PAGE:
- What are intellectual property rights?
Intellectual property is the unique creation of the human intellect. It could be any distinct intangible asset like music, services, information, literature, designs, creativity concepts, ideas, industrial models, inventions, trademarks, names, brands, symbols or more.
Intellectual property rights (IPR) provide exclusive ownership to the creators or inventors of a particular entity. They entitle the owner to reap all the benefits associated with the usage of a certain product while barring others from using it. Legal protection allows the inventor to even sue infringers and make them compensate for any damages. It grants rights to the creator to exclude others from tampering with or using the property without prior permission.
The main forms of IP are patents, copyrights, trademarks, and trade secrets. Each type of IP protection is different, varying in the subject matter that can be covered, timeframe of protection, and total expense. Although some inventions may be covered by multiple types of IP protection, it is important to consider a number of business and legal factors before selecting the best protection strategy. Some technologies require strong IP protection to commercialize, but unnecessary costs can derail bringing a product to market. IP departments of organizations weigh these various considerations and perform essential IP protection functions. This primer introduces researchers to the main forms of IP and its legal aspects.
2. Why are intellectual property rights important?
IPR enables patent holders, brand owners, copyright holders, composers, artists and other innovators to benefit from their work, time, efforts and investment. The rights are a part of the International Declaration of Human Rights which protects the right holder’s moral and physical interests at stake in an artistic, literary, creative or other product. Protection of IP is crucial for the following reasons:
- Granting well-deserved recognition to the creator
- Providing incentive to the innovator for new creations
- Assuring monetary rewards for intellectual property
- Maintaining the originality and genuineness of products
3. What does IPR management denote?
Intellectual property rights management is a system of managing and dealing with intangible creations of the human intellect. Essentially, it entails different forms of intellectual property, including patents, copyrights, publicity rights, design protection, rights against unfair competition and trademarks.
IPR management or IPR strategy are techniques of managing an individual or corporate house’s intellectual property rights portfolio. IPR strategy management refers to the overarching plan and approach of handling a company’s intangible assets, such as, its name, services, logotype, computer programs, music, internal manuals, business concepts, working methodologies and more. IPR management allows an entrepreneur to manage his/her intangible assets professionally with the aim of maximizing commercial rewards. It involves concerns, such as which type of patent will be the most suitable for a particular purpose, which patent can be licensed out or sold, which patent should be purchased, etc. The target is to make the most of intellectual properties rights with the intent of garnering profits. IPR strategy also covers analysis of an organization’s long-term commercial and non-commercial goals, risks and competitor actions.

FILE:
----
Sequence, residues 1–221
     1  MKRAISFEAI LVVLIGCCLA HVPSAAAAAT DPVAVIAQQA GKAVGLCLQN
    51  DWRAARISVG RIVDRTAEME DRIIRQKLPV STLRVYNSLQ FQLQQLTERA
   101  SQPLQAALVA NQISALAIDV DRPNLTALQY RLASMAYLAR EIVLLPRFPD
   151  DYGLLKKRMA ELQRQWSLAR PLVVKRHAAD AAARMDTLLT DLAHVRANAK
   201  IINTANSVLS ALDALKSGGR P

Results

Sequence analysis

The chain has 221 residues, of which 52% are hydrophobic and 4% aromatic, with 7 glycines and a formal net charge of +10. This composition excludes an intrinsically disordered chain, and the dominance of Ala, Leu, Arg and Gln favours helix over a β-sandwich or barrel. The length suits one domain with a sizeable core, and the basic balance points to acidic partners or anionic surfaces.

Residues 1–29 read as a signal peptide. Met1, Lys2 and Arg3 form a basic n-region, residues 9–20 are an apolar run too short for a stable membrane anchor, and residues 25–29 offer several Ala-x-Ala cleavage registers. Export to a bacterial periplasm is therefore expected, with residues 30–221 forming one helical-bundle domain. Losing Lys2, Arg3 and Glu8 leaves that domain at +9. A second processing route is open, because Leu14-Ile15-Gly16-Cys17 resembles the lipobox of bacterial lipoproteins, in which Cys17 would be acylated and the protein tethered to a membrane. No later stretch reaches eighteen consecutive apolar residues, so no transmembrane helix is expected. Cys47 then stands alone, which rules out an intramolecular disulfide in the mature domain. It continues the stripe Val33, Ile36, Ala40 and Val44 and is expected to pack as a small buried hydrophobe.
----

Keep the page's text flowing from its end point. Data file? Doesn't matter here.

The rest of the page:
Usually, IPR management professionals harbor hands-on management experience (handling daily operations in an intellectual property law office) and patent paralegal experience. Intellectual Property Management (IPM) specialists actively undertake prior art search or novelty search (patentability search), drafting and filing of patent/trademarks applications, filing request for examination, responding to office action, industrial design service, coordinating with various IP attorneys/firms for mobilizing paid support for grassroots innovators and more. Additionally, IPM team offers legal assistance to innovators in negotiating and drafting licensing arrangements and in dealing with infringement issues of their IP rights.
4. What are patents?
Patent is an exclusive legal right held by an assignee or inventor that prevents others from making material benefits from the patented creation without permission for a specified period of time in lieu of detailed public disclosure of the patented invention.
5. What is meant by ‘copyrights’ and ‘neighboring rights’?
Copyright is a type of intellectual property right that protects creations of human intellect in the artistic and literary domains. This includes musicals, writings, works of fine arts (sculptures, paintings, etc.), technology-based innovations (computer programs, electronic databases, etc.) and so on.
6. What is the difference between trademarks, GI and domain names?
A trademark is a recognizable and distinctive sign, expression or design that individualizes the products or services of a certain enterprise and distinguishes them from others. It is a form of IPR that can be placed on a label, packaging, a product, a voucher or other assets of an organization. However, typically, trademarks are showcased on company buildings for the sake of corporate identity. They can be owned by an individual, a legal entity or a business organization.
On the other hand, a geographical indication is a notice stating that a certain product originates in a particular geographical region.